Editorial by Simon Herbert
Context is everything in life; so perhaps it’s no surprise that, as digital social platforms such as Facebook begin to supplant more traditional news sources (even digital online newspapers), the boundaries of both taste and fact are being explored in new ways. The most recent high-profile case is the (now settled) row that blew up between Erna Holberg, Prime Minister of Norway, and Facebook founder Mark Zuckerberg (Zuckerberg never responded personally, but through his PR machine; but Holberg made his address directly to the founder). Holberg posted a photograph in support of writer Tom Egeland; after Facebook removed the same image of a naked female child from Egeland’s Facebook page.
For those who support vigilance against child pornography, in the context of an Internet that hides a mass of pedophiles, this surely seemed like the right thing to do?
Well… no, because this was not child pornography: Solberg’s protest repost was of the iconic Vietnam war image, by acclaimed photojournalist Nick Ut, of napalm victim Kim Phúc; the small girl bombed in the town of Trang Bang on June 8, 1972. Her clothes hadn’t been salaciously removed by a pervert; but burned off by South Vietnamese napalm.
Since Solberg’s actions, Facebook has reinstated the image, in a clear statement of intention that there are contextual considerations for certain images. However, this story doesn’t really end there (in fact, it’s only just beginning), because the questions raised are so valid.
Is Facebook really a “new source” by default of our abandonment of traditional newspapers, and did it ever even ask for this? Does Facebook have an editorial board that regulates its own published content; or is it trying to adapt broad consensual societal standards of content, across its hundreds of millions of “publishers” in a vain and clunky attempt to ban salacious imagery? If the horror of child pornography is unacceptable on one polarity, and, on the other polarity, we must never stop seeing images of the horror of war; then where does “art” exist on this sliding scale? For instance, where do the photographs of Sally Mann’s children in her book, ‘Immediate Family’ lie on this scale? Seeing as there isn’t an “art versus porn” filter that Facebook users can adopt to self-regulate – so that Mann’s supporters could see her tasteful and evocative images; but her detractors will not have their more conservative tastes offended – then how can any platform police itself; and hit the balance between access and vigilance? Does your opinion count? Should it count?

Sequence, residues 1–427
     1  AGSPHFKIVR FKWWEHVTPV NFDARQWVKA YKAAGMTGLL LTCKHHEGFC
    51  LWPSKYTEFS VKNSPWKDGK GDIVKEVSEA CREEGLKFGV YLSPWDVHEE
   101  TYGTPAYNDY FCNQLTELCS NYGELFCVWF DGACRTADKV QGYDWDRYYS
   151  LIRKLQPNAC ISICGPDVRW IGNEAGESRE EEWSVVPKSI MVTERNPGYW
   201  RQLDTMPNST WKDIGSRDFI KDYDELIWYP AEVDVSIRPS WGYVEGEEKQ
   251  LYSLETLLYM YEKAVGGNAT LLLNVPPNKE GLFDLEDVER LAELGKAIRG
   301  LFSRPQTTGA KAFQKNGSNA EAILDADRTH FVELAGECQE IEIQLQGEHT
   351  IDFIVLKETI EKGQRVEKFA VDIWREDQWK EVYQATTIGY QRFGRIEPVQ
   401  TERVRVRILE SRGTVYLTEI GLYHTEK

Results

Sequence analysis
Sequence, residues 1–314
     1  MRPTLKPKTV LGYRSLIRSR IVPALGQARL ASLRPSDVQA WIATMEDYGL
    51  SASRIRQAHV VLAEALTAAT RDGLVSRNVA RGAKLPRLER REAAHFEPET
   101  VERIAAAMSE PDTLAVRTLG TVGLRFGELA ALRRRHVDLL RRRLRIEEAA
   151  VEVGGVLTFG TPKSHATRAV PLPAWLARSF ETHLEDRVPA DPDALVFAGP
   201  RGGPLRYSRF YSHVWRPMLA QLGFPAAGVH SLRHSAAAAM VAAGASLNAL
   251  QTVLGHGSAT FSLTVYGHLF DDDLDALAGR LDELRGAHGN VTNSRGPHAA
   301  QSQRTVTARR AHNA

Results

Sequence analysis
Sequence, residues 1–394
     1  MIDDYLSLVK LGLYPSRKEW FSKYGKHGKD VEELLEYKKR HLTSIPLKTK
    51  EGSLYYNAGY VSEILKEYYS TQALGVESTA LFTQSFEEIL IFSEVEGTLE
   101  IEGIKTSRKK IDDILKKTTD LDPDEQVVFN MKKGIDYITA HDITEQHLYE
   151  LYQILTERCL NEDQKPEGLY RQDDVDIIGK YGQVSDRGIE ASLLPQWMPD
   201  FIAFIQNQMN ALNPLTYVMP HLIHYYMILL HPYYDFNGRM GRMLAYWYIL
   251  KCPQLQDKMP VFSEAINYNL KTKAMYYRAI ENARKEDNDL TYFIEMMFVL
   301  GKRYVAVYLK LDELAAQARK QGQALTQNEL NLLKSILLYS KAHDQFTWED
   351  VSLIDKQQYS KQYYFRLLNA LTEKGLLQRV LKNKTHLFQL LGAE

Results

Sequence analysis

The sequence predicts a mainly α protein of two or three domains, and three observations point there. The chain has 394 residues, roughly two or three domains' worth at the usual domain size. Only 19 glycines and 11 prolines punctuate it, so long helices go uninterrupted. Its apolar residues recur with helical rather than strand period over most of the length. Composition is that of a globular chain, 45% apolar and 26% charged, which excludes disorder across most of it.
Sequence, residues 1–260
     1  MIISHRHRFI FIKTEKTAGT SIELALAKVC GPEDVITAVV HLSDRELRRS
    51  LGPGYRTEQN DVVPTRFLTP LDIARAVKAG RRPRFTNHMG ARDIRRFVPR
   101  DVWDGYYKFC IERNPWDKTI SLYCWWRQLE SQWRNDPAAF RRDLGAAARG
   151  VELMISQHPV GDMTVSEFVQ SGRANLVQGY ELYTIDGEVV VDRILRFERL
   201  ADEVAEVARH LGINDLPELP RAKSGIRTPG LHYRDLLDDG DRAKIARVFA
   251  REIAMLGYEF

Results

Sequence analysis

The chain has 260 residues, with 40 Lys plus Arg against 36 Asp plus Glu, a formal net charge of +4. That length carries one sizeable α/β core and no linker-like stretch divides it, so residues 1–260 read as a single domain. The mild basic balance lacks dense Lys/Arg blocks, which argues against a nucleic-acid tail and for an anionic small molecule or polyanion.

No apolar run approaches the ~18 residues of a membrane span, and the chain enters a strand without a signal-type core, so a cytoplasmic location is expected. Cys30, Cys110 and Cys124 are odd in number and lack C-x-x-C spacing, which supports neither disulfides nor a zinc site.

Because taste is a mutable thing (insert your own favorite flashpoint topic: torture porn; raw comedy; hip-hop lyrics); and context is everything…
There are other questions to be raised here; such as knowing our visual history and how this pivotal image (and the work of so many journalists) brought the Vietnam War up close and made it personal in a way never known before. How and when did we, as a collective community, allow this to be forgotten?
There is more good commentary in The Guardian newspaper.